SW: Exactly, and if you have looked at the comments section of major sources of information, whether they are newspapers or television stations, they are in many cases – at least in this country and I would imagine that you would encounter the same thing in yours – they are rather than places of civic and thoughtful discussion they are more like cesspools where invective is the order of the day rather than civil discourse.
SJ: That’s not an unfamiliar situation here either and I know many websites that have turned that comment function off, just because of the level of vitriol that it can attract.
SW: Exactly, and so how do we … these are new ways of communicating in a public sphere. I think you would be hard-pressed to find a half-dozen good curricula throughout the English-speaking world that prepare young people to be thoughtful and polite and engaged commentators on comments sections on public internet forums. I think that is simply an example of how rapid the change has been and how slow we’ve been to take up the challenge.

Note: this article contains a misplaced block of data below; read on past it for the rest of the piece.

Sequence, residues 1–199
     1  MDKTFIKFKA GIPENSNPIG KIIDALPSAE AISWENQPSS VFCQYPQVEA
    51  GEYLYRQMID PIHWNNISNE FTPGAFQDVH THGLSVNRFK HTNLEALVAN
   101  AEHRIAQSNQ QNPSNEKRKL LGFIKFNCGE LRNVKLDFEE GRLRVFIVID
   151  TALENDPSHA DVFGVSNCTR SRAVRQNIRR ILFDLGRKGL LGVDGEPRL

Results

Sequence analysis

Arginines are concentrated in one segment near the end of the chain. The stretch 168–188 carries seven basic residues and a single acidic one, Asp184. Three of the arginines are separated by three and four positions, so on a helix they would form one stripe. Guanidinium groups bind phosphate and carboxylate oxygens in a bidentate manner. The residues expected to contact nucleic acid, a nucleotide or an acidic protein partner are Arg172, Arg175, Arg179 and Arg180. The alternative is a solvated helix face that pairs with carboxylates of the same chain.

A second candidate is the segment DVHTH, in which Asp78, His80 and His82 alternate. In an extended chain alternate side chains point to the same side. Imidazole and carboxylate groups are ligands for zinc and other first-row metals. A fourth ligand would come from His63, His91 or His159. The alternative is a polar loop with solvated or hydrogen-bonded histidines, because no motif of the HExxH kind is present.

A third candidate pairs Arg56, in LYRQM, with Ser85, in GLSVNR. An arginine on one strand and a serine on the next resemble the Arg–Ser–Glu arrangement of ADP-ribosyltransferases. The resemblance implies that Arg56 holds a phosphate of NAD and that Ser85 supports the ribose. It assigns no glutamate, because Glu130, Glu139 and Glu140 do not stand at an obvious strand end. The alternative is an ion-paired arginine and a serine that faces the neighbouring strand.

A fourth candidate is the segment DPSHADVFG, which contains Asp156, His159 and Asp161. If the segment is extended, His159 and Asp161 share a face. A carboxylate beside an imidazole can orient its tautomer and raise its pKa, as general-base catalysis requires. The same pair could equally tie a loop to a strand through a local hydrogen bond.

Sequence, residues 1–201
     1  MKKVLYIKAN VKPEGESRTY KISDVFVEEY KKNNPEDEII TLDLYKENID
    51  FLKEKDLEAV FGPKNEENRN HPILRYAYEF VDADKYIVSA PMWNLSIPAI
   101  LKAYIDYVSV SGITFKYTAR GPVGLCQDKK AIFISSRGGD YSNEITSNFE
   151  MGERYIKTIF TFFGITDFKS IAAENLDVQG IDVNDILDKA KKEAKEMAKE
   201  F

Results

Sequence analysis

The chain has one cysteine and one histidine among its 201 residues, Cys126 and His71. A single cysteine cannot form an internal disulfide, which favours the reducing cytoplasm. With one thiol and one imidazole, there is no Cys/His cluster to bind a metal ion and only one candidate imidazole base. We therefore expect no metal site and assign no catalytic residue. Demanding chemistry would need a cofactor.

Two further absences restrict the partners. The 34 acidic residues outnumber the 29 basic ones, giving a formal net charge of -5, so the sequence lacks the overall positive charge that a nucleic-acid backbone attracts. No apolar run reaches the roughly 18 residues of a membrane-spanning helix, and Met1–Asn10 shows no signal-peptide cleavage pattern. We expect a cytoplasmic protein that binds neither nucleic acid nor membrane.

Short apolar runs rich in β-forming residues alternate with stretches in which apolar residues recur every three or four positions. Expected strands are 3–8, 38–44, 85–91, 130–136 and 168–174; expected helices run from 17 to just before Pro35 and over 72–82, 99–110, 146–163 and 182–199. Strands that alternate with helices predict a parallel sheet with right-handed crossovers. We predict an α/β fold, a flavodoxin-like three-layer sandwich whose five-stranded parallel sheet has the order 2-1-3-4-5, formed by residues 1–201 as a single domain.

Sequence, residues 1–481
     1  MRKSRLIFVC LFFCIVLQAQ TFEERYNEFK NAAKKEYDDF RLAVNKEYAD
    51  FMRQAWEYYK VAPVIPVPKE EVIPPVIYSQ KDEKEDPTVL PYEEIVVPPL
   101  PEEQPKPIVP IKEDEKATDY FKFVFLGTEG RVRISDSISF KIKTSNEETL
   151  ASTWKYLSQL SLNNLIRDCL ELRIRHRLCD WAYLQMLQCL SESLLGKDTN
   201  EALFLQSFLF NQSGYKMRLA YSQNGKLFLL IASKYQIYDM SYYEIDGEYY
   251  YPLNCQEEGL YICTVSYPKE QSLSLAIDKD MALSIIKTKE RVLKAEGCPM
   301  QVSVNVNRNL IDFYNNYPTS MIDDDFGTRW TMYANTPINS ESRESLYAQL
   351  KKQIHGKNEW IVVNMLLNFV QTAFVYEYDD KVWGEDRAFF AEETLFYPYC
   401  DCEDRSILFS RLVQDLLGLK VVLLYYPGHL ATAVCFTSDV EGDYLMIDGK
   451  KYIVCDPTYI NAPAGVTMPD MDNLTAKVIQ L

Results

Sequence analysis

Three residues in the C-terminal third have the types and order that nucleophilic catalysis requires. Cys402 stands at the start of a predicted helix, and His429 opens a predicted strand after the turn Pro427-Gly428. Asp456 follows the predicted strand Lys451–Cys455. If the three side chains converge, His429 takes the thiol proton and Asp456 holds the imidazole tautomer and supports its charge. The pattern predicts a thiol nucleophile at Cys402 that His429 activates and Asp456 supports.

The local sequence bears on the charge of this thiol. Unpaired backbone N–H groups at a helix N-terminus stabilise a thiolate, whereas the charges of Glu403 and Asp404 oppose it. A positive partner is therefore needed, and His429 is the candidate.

SJ: And in those curricula that you have come across are there any particular recommendations that stand out for you?
SW: I mean one of the best – and again it goes back to the difficulty that we have as a species in doing this – is to try to engage in the intellectual exercise of framing an argument from the perspective of a position that you do not embrace. So even if it were an intellectual exercise, what would that argument look like? A contentious debate going on in this country is about the legalization and decriminalization of marijuana. Many young people are in favour of that, many young people have experimented with it – it’s not a big thing in this country anymore. But there are people who are vociferously against it, and a very important exercise would be to require those people who are on either side of this position to try to come up with a thoughtful and logical 300-word response that is posted on a public website, in which they embrace the position that they ordinarily would not embrace.